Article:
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Senior-Friendly Airports: Flying with Dementia

Kimberley Fowler
By Kimberley FowlerJuly 3, 2017

With airlines like Air Canada and United in the news recently for their poor service to senior passengers, it’s no doubt that air travel presents extreme challenges to people with dementia and their caregivers. The good news is that some countries are taking action. According to a British survey, most families found their time at the airport more difficult than their time in the air. In response, several major British airports have begun adopting new practices to create more dementia-friendly airports.

Learn more about how airports are becoming dementia and senior-friendly around the world.

Airports Educating Staff on How to Be Senior-Friendly

London’s Heathrow Airport has committed to training its 76,000-strong workforce to build their understanding of dementia and other disabilities.

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The goal is to create a more calm and comfortable environment for any passengers living with the disease.

Security, with its long lines and metal detectors, can be one of the likeliest places to trigger anxiety and frustration for passengers with dementia. Heathrow is now examining how security personnel can carry out their job without adding unnecessary stress.

The Lanyard System and Quiet Rooms

Not only has Gatwick Airport (south of London) implemented a similar training campaign, they’ve offered passengers the option of wearing hidden disability lanyards. The voluntary program allows passengers to indicate discretely that they might require additional assistance.

The lanyards are recognizable to staff without any logos or other information, so passengers maintain a sense of privacy. It can also be removed, so caretakers and travelers can choose to only display it when they feel a situation might become especially challenging.

If lanyards aren’t suitable, badges, bracelets and pins are also available. These accessories indicate that the wearer might:

  • Need more time to process information
  • Need to remain with family
  • Need staff to use clear verbal language as it may be difficult to understand facial expressions and/or body language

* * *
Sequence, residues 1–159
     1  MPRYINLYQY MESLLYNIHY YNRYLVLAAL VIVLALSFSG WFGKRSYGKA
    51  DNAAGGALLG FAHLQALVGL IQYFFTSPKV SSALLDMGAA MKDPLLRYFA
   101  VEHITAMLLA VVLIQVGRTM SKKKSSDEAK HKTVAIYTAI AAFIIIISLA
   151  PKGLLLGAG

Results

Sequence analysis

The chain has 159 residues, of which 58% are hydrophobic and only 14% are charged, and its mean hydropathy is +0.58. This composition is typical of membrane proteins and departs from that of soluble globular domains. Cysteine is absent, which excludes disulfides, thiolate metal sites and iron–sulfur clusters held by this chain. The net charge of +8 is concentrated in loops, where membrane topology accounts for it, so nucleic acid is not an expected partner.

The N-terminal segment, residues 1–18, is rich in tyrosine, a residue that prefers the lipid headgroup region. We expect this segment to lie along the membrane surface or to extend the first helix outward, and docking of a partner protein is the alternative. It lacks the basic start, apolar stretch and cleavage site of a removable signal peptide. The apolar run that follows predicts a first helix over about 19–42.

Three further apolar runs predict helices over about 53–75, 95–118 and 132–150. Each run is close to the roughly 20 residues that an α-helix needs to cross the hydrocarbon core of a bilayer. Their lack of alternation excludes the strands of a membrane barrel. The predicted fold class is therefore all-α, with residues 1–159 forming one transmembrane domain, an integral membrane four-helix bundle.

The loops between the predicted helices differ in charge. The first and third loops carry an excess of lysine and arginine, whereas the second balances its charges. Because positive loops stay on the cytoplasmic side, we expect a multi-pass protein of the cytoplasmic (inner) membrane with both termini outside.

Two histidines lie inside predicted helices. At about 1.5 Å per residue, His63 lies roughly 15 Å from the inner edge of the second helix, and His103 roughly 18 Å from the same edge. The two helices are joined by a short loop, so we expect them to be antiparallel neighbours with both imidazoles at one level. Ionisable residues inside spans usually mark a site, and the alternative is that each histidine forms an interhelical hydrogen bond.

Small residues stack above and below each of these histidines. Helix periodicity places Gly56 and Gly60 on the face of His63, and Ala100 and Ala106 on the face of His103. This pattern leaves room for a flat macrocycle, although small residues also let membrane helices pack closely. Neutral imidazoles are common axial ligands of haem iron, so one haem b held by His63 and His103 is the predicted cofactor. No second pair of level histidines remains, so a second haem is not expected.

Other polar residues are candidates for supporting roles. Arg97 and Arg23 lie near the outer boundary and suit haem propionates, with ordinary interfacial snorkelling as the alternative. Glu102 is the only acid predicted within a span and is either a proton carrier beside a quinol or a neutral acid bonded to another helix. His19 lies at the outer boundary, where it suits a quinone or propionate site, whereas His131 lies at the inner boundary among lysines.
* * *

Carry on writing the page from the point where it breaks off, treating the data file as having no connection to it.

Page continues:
• Need staff to be visual with instructions
  • Need a more comprehensive briefing on what to expect as they travel through the airport
  • React to sensory overload

The bustle of airports can also cause passengers living with dementia to become overstimulated. Heathrow plans to create designated “quiet areas” and rooms so passengers can recover from the confusion and stress of the airport there.

Tips for Navigating the Airport

The trend toward dementia and senior-friendly airports will hopefully spread to North America soon, but regardless, it pays to keep the following in mind when traveling with someone living with dementia:

  • Arrive early and avoid the unnecessary stress of rushing
  • Go through security behind your companion, so you will be on hand to assist them
  • Have your companion carry a copy of your name and phone number in case you get separated
  • Speak with airport staff — be clear about the situation, and the capabilities of your loved one
  • Seek out a quiet place — if the airport does not have a designated quiet space, a prayer room can also give you time and space to calm down
  • Travel light — taking less luggage allows you to easily keep within touching distance

Dementia does not have to stop someone from traveling. Even if an airport has not fully adopted dementia-friendly practices, we can learn from the ones that have and take steps to ensure the well-being of our loved ones living with dementia.

What travel tips do you have for someone traveling with a loved one who has dementia? What changes would you like to see in airports to make travel more accessible to those living with dementia? Share your thoughts with us in the comments below. 

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Kimberley Fowler
Kimberley Fowler
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